FIG. 2 is a comparative graph showing signal waveforms obtained at each signal receiving terminal using the circuit topology of FIG. 1;

FIG. 3 is a block diagram of a conventional circuit topology coupling a driving terminal to five signal receiving terminals; and

FIG. 4 is a comparative graph showing signal waveforms obtained at each signal receiving terminal using the circuit topology of FIG. 3.

DETAILED DESCRIPTION

Referring to FIG. 1, a circuit topology for multiple loads in accordance with an embodiment of the present invention is shown. A driving terminal 100 is coupled to a first node E via a main transmission line. The first node E is coupled to a second node F and a first signal receiving terminal 200 via a first branch transmission line and a second branch transmission line respectively. The second node F is coupled to a third node G and a second signal receiving terminal 300 via a third branch transmission line and a fourth branch transmission line respectively. The third node G is coupled to a fourth node H and a third signal receiving terminal 400 via a fifth transmission line and a six branch transmission line respectively. The fourth node H is couple to a fourth signal receiving terminal 500 and a sixth signal receiving terminal 600 via a seventh branch transmission line and an eighth branch transmission line respectively.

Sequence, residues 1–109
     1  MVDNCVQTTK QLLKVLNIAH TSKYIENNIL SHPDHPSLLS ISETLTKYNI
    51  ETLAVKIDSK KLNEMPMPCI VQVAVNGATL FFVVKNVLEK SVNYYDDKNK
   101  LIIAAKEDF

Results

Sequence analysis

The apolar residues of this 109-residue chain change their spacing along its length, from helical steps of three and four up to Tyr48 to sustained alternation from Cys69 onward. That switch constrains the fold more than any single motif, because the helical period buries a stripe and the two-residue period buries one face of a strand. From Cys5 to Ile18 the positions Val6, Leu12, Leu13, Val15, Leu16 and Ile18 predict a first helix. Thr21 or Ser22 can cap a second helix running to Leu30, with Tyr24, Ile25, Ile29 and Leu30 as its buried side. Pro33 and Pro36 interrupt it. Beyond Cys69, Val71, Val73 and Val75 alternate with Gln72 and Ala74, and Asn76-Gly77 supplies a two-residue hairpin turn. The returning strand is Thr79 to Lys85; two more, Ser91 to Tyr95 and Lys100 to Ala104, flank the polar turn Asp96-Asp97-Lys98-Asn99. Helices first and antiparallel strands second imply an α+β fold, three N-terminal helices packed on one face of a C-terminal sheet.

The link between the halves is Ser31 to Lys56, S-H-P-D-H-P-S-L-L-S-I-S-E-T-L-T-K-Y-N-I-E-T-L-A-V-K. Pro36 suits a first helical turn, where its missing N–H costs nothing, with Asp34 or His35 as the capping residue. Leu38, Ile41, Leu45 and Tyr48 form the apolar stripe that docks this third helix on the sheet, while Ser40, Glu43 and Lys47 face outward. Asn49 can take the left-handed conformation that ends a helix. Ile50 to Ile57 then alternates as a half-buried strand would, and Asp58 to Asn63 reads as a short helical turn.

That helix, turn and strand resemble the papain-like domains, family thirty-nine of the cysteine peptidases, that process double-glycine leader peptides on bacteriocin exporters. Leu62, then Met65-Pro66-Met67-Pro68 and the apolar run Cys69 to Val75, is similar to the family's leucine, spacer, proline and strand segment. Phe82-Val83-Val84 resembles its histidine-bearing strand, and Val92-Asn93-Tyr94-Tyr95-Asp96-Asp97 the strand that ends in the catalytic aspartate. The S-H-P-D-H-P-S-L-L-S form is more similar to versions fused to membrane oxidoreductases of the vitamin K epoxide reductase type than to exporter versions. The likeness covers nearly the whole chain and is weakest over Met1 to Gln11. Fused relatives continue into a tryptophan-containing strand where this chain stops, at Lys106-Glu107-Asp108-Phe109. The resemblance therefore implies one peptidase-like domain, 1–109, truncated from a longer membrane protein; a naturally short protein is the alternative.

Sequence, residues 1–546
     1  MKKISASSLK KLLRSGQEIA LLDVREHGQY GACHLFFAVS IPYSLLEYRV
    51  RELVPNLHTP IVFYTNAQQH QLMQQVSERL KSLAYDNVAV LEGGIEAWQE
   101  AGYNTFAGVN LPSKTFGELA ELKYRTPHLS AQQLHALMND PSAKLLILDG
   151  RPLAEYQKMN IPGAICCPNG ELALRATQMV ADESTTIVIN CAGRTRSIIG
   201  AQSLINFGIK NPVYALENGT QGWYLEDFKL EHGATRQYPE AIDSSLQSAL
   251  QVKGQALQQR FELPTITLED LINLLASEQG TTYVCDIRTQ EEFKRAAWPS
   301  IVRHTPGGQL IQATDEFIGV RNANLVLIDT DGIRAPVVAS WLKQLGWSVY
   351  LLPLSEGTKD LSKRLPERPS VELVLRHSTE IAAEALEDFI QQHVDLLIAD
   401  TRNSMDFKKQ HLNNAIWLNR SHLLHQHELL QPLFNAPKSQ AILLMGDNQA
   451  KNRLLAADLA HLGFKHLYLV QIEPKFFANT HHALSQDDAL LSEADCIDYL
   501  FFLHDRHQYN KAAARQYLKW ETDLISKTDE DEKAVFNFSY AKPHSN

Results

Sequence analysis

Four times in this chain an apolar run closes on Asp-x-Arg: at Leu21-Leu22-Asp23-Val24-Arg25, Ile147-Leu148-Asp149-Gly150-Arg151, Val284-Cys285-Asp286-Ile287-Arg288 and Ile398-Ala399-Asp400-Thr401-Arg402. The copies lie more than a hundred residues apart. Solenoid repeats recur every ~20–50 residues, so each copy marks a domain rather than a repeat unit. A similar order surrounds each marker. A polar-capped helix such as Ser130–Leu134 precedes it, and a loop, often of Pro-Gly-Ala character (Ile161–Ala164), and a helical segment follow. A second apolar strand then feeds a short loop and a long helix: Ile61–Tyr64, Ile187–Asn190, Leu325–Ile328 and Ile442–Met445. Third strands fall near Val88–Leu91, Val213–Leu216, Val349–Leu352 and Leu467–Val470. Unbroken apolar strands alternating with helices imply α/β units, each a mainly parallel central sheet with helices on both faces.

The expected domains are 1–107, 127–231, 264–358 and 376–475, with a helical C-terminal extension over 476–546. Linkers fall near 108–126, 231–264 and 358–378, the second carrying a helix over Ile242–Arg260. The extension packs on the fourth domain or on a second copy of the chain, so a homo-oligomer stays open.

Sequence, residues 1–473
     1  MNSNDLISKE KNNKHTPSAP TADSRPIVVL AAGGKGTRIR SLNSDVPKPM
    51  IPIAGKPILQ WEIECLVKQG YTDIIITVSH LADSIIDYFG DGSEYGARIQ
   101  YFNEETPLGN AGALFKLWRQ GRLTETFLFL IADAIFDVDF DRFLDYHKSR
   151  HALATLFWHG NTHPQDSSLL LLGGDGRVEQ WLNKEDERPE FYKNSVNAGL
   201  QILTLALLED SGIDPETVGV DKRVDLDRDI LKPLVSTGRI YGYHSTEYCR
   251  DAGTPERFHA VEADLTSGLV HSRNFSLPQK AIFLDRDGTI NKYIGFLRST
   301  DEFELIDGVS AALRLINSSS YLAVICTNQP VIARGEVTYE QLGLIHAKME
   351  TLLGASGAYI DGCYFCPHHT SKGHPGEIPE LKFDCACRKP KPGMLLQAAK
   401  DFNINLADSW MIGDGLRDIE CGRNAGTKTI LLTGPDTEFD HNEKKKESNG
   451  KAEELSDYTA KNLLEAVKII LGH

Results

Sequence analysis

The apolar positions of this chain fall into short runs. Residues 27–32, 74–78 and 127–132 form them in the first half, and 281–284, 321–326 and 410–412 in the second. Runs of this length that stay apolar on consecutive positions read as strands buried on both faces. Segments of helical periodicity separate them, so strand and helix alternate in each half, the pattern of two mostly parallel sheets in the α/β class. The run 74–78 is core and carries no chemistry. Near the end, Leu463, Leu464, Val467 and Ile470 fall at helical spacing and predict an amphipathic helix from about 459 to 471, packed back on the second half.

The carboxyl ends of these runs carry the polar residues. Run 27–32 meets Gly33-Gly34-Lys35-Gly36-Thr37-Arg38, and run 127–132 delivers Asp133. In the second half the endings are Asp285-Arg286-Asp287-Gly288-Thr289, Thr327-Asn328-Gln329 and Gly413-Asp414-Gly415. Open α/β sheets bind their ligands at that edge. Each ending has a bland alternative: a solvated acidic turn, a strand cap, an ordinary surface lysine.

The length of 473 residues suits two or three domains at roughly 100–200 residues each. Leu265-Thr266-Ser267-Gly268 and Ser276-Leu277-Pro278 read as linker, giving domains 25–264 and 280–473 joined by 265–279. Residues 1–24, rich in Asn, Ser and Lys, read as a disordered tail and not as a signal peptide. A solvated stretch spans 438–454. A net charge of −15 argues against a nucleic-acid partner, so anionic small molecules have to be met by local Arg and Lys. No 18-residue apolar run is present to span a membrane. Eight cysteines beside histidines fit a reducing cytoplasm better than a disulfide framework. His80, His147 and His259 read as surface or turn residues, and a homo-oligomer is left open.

In this embodiment, the length of the second branch transmission line is greater than that of the first branch transmission line, a first resistor RS1 is connected in the second branch transmission line. The length of the third branch transmission line is greater than that of the fourth branch transmission line, a second resistor RS1 is connected in the third branch transmission line. The length of the fifth branch transmission line is greater than that of the sixth branch transmission line, the third receiving terminal 400 is a test point configured to detect errors of the circuit topology for multiple loads. The length of the eighth branch transmission line is greater than that of the seventh branch transmission line, a third resistor RS3 is connected in the eighth branch transmission line.